The Council of Europe’s Role in Countering Terrorism Responsibly

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Terrorism forms a real threat to democracy, the rule of law and the enjoyment of human rights in Europe. As such, it must be contrasted through prevention and eradication by the member States of the Council of Europe. However, inadequately implemented or overly Draconian counter-terrorism efforts can be counterproductive. While law enforcement procedures aimed at terrorists are required and justified, counter-terrorism actions should not go beyond what is essential to maintain peace and security, nor should they degrade the rule of law and democracy in the reason of trying to save it.

https://www.eeas.europa.eu/delegations/council-europe/vid%C3%A9o-explicative-sur-la-coop%C3%A9ration-ue-conseil-de-leurope-en-mati%C3%A8re_fr?s=51&page_lang=en

For over forty years, the Council of Europe has enabled the development and reinforcement of critical legal standards to contain and suppress acts of terrorism. Taking a thorough approach, the Council of Europe functions to help Member States fight terrorism more by maintaining and improving their national legislation and facilitating international cooperation. With full respect for human rights and the rule of law, the Council of Europe is constantly working to improve international cooperation in bringing terrorists to justice.

The Council of Europe Committee on Counter-Terrorism (formerly called the Committee of Experts on Terrorism is the essential coordinating body for the Council of Europe’s actions to combat terrorism. Constructing on the pioneering work of the CODEXTER, the CDCT’s primary purposes are to oversee and ensure the prosperous implementation of relevant Council of Europe legal mechanisms while also providing a means for global experts to analyse and react to developments in the counter-terrorism area, including through international standard-setting.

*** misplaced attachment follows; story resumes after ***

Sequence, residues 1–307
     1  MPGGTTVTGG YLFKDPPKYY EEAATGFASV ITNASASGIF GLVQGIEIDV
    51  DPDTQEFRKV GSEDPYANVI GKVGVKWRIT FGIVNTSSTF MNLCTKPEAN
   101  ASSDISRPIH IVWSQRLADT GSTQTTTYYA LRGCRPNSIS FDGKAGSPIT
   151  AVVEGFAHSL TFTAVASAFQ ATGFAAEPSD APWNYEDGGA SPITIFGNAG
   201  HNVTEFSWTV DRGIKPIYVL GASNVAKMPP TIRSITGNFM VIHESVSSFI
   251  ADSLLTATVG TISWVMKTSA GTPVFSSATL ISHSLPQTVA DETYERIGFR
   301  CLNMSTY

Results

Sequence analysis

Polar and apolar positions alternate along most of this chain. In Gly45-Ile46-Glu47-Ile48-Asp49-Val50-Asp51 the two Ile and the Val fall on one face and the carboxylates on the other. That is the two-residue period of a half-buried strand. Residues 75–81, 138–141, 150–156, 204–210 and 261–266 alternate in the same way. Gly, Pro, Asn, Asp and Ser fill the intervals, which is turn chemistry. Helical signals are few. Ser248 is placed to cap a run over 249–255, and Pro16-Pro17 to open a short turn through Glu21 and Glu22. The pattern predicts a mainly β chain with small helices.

The Council of Europe’s leading international legal mechanism in counter-terrorism is the 2005 Warsaw Convention on the Prevention of Terrorism and the  Additional Protocol to the Convention on the Prevention of Terrorism. The two deliver criminalisation of several terrorist actions, including taking part in an organisation or group for terrorism, receiving terrorist training, journeying abroad for terrorism and financing or arranging travel for this purpose. They envisage the development of national prevention guidelines, international cooperation on precluding and criminal matters, penalties for legal entities, and principal regulations regarding sanctions. 

In complement to the two treaties, the Council of Europe counter-terrorism framework also entails many issue-specific guidance and guidelines that provide member States guidance for instructing issue-specific prevention, enforcement or adjudication tools. These contain Recommendations on using information collected in battle zones as evidence in criminal proceedings connected to terrorist offences and Procedures on the links between terrorism and transnational organised crime.

These binding and non-binding measures form part of the overarching Council of Europe counter-terrorism policy heightened in the Council of Europe Counter-Terrorism Strategies. The first Counter-Terrorism Strategy was adopted in 2018 and lasted five years. It has recently been substituted with the second Counter-Terrorism Strategy to be implemented from 2023 to 2027. 

The Council of Europe is also developing means to facilitate more practical action against transnational organised crime and share best conventions and common reasonable approaches in the struggle against organised crime and terrorist activity. The Council of Europe’s #NoHateNoFear campaign was desired at online hate speech conducive to terrorism and violent extremism.

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